The First IBC Transfer on Sentinel Turing 4 Testnet

One of the coolest new features implemented in the Sentinel Testnet, and soon on mainnet, is the ability to transfer tokens across blockchains using the IBC protocol. Sentinel is pleased to announce that today the first cross-chain IBC token transfer was executed between sentinel-turing-4 and morpheus-apollo-1. This is the first step for $DVPN to be traded on a DEX like Gravity or Osmosis when they launch in the next month.

Partake in the Testet

ITA Stakers, one of the Sentinel and Desmos validators, created a very simple UI that anybody can use to add testnets to the Keplr wallet and track open IBC channels.

Follow these steps to get started:

  • Download and install the Keplr browser extension for Chrome or Brave
  • Visit the Copernicus testnet tracker portal
  • Press the “Add to Keplr button” for each of the chains across which you want to transfer tokens
  • Get some tokens from the faucet or ask for tokens on the Sentinel Telegram group / Desmos discord server
  • Press the “Transfer button in the IBC Transfer section of Keplr
  • Input channel-0 when requested
  • The transaction tokens will take a few minutes to appear on the other chain after confirmation

Next Steps

Testing is going great! As with any testing, there is still plenty under the hood that needs to be reviewed for sentinel-turing-4 to become mainnet-ready.

We invite the whole community to try Sentinel’s dVPN exit node setup. You can get started by following instructions from the official repository.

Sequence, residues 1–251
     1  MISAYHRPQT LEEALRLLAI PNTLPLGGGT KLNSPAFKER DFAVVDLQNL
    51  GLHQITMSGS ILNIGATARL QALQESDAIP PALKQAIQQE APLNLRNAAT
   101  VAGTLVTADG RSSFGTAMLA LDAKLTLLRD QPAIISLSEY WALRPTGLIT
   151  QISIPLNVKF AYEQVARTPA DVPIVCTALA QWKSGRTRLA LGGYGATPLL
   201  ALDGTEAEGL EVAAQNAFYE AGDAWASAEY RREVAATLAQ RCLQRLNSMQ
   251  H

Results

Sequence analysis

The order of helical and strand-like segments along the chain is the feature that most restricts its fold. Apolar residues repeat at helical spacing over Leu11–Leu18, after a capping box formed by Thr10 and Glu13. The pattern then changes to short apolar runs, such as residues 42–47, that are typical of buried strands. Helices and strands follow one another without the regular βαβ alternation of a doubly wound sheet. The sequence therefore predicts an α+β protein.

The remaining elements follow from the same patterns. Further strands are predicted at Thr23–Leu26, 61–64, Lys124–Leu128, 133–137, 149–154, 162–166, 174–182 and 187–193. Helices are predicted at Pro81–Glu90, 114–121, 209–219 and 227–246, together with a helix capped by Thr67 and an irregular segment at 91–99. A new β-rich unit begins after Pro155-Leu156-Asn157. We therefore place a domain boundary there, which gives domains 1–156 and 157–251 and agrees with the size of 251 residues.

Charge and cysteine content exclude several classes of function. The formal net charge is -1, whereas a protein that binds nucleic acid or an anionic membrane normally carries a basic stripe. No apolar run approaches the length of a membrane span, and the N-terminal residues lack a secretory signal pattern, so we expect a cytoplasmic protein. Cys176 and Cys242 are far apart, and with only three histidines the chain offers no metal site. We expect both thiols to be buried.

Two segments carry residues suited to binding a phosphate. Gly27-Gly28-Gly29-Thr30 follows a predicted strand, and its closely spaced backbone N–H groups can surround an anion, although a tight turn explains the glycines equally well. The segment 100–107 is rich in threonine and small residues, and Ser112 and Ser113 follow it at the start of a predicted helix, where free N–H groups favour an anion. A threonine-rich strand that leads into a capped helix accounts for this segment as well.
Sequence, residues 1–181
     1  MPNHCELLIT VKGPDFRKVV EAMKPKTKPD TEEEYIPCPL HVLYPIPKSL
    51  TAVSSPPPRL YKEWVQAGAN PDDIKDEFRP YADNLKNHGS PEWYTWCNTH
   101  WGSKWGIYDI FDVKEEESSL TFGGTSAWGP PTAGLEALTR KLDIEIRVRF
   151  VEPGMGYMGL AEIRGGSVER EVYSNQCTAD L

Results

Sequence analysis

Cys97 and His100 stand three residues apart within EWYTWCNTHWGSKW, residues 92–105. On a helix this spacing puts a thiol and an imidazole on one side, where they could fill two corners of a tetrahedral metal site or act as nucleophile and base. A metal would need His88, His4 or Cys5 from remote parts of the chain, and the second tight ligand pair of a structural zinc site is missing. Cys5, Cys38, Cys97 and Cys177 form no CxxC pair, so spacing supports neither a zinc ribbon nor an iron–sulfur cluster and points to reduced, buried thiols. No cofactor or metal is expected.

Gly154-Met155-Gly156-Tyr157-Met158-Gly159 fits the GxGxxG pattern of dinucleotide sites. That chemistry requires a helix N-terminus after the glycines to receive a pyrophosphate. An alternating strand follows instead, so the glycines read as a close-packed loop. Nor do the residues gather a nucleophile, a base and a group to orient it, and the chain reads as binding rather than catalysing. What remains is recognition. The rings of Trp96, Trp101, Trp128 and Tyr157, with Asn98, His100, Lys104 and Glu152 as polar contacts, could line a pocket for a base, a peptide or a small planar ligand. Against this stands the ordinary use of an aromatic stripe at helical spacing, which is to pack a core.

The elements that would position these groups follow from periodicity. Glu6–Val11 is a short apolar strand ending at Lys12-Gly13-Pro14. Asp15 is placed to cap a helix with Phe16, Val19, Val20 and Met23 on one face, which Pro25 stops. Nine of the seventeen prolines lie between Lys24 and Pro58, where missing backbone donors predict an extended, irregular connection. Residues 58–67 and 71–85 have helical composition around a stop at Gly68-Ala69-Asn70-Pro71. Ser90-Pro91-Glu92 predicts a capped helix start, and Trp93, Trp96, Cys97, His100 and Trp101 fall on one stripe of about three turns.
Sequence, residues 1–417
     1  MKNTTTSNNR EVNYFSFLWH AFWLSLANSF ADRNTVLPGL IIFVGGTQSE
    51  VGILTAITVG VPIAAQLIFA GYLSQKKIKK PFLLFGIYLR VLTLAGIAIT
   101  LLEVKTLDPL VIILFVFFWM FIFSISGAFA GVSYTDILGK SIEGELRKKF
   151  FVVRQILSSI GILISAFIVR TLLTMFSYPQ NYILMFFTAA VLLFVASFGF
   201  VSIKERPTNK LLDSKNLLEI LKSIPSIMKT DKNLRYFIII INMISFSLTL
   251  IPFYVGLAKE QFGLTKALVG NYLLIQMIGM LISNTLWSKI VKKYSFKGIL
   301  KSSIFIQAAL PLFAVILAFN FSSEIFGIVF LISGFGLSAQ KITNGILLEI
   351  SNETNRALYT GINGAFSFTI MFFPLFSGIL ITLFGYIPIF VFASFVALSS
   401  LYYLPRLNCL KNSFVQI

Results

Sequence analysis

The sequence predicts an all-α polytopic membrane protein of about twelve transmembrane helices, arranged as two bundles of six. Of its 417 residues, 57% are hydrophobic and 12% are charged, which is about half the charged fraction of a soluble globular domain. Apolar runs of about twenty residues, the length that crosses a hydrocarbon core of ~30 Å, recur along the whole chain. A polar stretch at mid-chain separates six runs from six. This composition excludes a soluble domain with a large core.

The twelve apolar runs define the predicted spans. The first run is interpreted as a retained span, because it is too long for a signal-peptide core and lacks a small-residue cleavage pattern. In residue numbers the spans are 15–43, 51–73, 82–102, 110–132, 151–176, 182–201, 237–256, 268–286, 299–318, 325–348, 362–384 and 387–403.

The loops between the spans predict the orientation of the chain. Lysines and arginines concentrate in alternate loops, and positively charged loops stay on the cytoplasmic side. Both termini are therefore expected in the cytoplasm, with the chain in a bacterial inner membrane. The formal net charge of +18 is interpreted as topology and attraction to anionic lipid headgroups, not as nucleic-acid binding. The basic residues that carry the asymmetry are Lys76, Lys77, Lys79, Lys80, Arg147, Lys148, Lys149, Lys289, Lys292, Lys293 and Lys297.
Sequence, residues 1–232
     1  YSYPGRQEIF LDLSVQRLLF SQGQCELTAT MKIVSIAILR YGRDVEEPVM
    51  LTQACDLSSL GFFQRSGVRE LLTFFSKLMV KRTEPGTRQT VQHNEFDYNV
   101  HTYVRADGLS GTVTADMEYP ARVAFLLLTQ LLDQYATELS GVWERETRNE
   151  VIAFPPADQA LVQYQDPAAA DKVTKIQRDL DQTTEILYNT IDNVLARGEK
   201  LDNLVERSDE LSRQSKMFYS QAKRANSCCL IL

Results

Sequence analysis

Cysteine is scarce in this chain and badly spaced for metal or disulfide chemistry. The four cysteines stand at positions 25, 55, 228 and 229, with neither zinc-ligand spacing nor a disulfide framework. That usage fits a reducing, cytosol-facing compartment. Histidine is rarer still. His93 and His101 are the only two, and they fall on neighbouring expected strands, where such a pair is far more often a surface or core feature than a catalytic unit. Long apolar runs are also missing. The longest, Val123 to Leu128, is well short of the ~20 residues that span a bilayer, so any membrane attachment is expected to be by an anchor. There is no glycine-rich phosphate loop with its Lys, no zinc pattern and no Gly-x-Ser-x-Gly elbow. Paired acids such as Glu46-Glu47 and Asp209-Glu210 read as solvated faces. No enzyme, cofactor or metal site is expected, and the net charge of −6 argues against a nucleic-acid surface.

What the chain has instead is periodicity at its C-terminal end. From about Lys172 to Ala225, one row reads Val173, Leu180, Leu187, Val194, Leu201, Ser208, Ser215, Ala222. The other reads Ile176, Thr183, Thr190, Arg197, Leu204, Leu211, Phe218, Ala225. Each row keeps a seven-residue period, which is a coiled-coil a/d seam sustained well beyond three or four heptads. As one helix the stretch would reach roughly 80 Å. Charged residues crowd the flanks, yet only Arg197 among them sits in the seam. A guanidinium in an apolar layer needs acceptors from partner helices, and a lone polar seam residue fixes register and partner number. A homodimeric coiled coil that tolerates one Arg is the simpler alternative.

About Sentinel

Sentinel, a decentralized VPN protocol, is built on Cosmos SDK-based architecture. Differing from centralized VPN companies that have been proven to log user data, Sentinel is an open-source, encrypted, peer-to-peer bandwidth marketplace accessible to anyone. Users can connect to any of the provably secure dVPN applications built on the Sentinel network. Individuals can also earn passive income by offering bandwidth to the marketplace. Live network statistics can be found at

Follow Sentinel *only* on official platforms:

Medium | Twitter | Telegram — Community Group | Telegram — Announcements | Telegram Community Chats — Node Network Group, Chinese, Russian and Spanish




An interoperable networking layer for distributed services. Developed decentralized VPN as first use case. Learn more at

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Interoperable Network Layer for bandwidth sharing and incentivization. Developed the Sentinel dVPN on the Sentinel Network — More about us,